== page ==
Bahamas — Food and Restaurants
It’s not hard to find a good place to eat in the Bahamas, and lovers of seafood in particular will be blown away by the food. Dining is generally expensive since most ingredients need to be imported, and although many of the restaurants are high-end, you get what you pay for. All hotels have quality eateries and a standard 15 percent service charge. Some resorts are fully-inclusive, where holidaymakers have all food and drink options at their fingertips, and sometimes entertainment and activities, included in the package. Bahamas nightlife is classified as pumping and if you’re looking to go out, you won’t have to look too far.
Bars and Pubbing in the Bahamas
Nassau and Paradise Island are the de facto nightlife havens in the Bahamas, the latter of which is predominantly based around its big hotel resorts. Atlantis Paradise Island Resort & Casino (Casino Dr., Paradise Island) is all-encompassing, with various bars, clubs, and restaurants, as well as a fabulous casino.
All main resort towns in the Bahamas have bars, terrace cafés, and clubs, including Freeport on Grand Bahama, which is good for some ‘rake ‘n scrape’, though Cable Beach in Nassau has the best options. Popular places include: Cocktails & Dreams, Club Fluid (West Bay St., Nassau), and* Club Waterloo* (East Bay St., Nassau). If you can’t swallow the prices of Atlantis Paradise, consider the Crystal Palace (West Bay Street, Cable Beach, Nassau) complex on Cable Beach. Expect steep entry fees for nightclubs, which typically are open until 2:00 a.m.
Live music is as popular as the discos, and there are many joints with soca (West Indian) music. Those staying at the all-inclusive resorts will get beer included with the deal, albeit the local brew, usually Kalik. Imported beers are expensive, though Caribbean rum is eternally popular and a lot better value than imported liquors. Ron Ricardo is good local rum, and for punch, the pineapple-centric goombay is tasty. Main towns on the Out Islands all have places to play for a festive Bahamas night.
Dining and Cuisine in the Bahamas
There are more restaurants and cafés than anything else, in particular on Paradise Island and in Freeport City, Grand Bahama. The all-inclusive resorts have some of the best eating and these are open to non-guests, as well as those who have pre-purchased a package. There are also plenty of independent dining establishments, along with fast-food like McDonalds and KFC in the main towns.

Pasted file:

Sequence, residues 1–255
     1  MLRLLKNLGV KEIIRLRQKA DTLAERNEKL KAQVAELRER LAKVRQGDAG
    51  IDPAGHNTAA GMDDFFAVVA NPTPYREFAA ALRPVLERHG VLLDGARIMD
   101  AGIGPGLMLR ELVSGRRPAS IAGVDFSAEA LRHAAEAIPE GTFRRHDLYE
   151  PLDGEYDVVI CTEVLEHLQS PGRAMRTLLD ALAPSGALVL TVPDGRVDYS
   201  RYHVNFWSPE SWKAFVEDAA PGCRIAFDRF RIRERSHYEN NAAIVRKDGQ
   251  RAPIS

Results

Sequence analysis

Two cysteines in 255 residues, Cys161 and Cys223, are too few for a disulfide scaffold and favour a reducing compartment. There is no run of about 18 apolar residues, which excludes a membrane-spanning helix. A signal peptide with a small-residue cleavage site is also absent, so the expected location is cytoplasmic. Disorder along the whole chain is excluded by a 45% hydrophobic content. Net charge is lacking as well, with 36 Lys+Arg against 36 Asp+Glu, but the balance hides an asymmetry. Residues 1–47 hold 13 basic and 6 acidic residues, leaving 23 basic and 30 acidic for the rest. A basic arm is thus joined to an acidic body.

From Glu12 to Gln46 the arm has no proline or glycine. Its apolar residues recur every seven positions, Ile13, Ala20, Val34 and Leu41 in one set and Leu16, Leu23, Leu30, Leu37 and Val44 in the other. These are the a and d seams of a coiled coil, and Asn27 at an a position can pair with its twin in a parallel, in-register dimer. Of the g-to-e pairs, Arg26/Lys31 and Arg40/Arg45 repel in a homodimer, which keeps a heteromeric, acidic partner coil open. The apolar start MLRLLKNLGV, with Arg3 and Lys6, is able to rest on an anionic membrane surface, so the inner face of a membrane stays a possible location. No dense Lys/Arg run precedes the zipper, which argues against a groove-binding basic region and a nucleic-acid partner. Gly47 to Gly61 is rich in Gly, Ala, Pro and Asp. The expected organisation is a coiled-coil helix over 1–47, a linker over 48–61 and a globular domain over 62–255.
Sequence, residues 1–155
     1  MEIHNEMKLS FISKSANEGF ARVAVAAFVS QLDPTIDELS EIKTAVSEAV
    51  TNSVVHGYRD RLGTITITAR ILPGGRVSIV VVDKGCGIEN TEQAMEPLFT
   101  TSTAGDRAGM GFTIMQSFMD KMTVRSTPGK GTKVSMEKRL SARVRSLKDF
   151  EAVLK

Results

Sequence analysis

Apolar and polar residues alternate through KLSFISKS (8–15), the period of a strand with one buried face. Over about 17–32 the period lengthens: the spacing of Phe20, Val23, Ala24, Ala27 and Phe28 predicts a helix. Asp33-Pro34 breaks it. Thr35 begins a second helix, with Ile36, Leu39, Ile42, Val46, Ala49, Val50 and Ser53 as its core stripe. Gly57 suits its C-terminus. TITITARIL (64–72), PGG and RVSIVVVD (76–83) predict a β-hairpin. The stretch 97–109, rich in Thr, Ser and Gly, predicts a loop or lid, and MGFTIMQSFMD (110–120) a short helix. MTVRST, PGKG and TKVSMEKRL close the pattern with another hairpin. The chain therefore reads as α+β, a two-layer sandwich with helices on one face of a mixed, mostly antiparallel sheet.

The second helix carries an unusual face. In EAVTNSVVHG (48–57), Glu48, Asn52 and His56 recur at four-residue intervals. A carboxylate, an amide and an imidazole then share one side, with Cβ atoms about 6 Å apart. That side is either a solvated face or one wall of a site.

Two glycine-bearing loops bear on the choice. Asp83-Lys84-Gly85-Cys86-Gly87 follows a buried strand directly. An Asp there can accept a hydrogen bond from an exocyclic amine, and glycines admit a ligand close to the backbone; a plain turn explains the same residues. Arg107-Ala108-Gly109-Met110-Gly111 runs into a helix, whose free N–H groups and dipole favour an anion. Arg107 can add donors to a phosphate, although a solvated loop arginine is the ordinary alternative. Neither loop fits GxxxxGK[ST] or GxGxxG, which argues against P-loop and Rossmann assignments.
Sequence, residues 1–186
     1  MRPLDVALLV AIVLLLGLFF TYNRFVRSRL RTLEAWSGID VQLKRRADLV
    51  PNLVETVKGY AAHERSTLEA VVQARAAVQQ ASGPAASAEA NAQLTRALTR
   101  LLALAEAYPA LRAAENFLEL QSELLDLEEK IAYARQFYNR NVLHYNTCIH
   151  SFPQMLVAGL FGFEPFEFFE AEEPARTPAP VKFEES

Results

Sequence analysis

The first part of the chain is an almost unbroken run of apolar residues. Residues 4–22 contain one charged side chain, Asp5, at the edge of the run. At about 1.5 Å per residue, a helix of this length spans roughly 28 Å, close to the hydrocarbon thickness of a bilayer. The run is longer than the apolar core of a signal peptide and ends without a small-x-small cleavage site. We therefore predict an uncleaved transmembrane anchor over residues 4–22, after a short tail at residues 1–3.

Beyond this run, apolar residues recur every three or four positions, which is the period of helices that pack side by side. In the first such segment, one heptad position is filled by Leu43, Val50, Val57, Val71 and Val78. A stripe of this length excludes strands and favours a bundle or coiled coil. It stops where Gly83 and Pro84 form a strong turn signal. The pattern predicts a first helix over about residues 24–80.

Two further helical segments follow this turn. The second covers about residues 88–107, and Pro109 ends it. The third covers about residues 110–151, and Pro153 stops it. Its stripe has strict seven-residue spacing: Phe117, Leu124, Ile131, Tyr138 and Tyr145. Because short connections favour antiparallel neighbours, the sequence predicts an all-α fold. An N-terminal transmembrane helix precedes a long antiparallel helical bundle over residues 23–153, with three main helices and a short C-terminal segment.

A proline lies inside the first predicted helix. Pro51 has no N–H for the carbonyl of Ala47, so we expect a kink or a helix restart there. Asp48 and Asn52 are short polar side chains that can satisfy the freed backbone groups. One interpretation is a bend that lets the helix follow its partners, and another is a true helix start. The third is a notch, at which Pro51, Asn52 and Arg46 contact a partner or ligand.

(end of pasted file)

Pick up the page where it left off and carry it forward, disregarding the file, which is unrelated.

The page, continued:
Cable Beach’s West Bay Street in Nassau is particularly well endowed with restaurants and eateries, and nearby is the excellent Shoal Restaurant (Nassau St., Nassau). For Italian food in the capital, try Café Matiss (Bank Ln., Nassau). Paradise Island, meanwhile, has a vast amount of restaurants in its hotels, including Café Martinique in Atlantis (Marina Village, Casino Dr., Paradise Island) for good French food in the Bahamas and Dune (Ocean Club, Ocean Club Dr., Paradise Island).
Elsewhere, China Beach (Radisson, Lucaya Resort, Grand Bahama) has great Asian/Pacific Rim options, while Coolie Mae’s (Bullock’s Harbor, Berry Islands) serves Caribbean; and Casa Lyon (Bimini Bay Resort, King’s Hwy, Bimini) on the popular fishing island of Bimini dishes up French fare.
For a local dish, fried or raw conch is the Bahamian meal of choice for many and is available everywhere from high-end restaurants to beach shacks. Crab and lobster are equally ubiquitous, but to really eat like a local in the Bahamas, head to the Fish Fry (Arawak Cay, Nassau), which offers good nightlife, as well as fried fish on Sunday.